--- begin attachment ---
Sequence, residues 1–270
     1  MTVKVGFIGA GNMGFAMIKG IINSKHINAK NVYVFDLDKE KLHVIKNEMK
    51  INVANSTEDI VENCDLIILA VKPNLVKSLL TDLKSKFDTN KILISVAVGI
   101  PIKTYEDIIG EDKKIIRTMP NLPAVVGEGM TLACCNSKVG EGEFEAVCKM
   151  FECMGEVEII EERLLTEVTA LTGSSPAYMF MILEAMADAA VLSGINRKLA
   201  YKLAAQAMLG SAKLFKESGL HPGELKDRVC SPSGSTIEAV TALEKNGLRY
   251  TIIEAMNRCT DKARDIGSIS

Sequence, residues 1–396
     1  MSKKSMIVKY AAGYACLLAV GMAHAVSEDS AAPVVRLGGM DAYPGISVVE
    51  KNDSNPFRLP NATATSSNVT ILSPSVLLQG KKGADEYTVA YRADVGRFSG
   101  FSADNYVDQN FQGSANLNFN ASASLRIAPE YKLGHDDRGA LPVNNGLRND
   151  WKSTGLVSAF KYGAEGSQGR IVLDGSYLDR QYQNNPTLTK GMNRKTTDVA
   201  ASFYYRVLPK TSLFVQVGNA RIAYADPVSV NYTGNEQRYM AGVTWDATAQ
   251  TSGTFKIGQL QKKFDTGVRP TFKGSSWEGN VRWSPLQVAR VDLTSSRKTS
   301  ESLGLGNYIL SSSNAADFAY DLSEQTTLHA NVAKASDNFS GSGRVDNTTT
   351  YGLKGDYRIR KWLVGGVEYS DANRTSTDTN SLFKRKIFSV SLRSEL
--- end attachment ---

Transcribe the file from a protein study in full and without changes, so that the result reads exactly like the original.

Sequence, residues 1–270
     1  MTVKVGFIGA GNMGFAMIKG IINSKHINAK NVYVFDLDKE KLHVIKNEMK
    51  INVANSTEDI VENCDLIILA VKPNLVKSLL TDLKSKFDTN KILISVAVGI
   101  PIKTYEDIIG EDKKIIRTMP NLPAVVGEGM TLACCNSKVG EGEFEAVCKM
   151  FECMGEVEII EERLLTEVTA LTGSSPAYMF MILEAMADAA VLSGINRKLA
   201  YKLAAQAMLG SAKLFKESGL HPGELKDRVC SPSGSTIEAV TALEKNGLRY
   251  TIIEAMNRCT DKARDIGSIS

Sequence, residues 1–396
     1  MSKKSMIVKY AAGYACLLAV GMAHAVSEDS AAPVVRLGGM DAYPGISVVE
    51  KNDSNPFRLP NATATSSNVT ILSPSVLLQG KKGADEYTVA YRADVGRFSG
   101  FSADNYVDQN FQGSANLNFN ASASLRIAPE YKLGHDDRGA LPVNNGLRND
   151  WKSTGLVSAF KYGAEGSQGR IVLDGSYLDR QYQNNPTLTK GMNRKTTDVA
   201  ASFYYRVLPK TSLFVQVGNA RIAYADPVSV NYTGNEQRYM AGVTWDATAQ
   251  TSGTFKIGQL QKKFDTGVRP TFKGSSWEGN VRWSPLQVAR VDLTSSRKTS
   301  ESLGLGNYIL SSSNAADFAY DLSEQTTLHA NVAKASDNFS GSGRVDNTTT
   351  YGLKGDYRIR KWLVGGVEYS DANRTSTDTN SLFKRKIFSV SLRSEL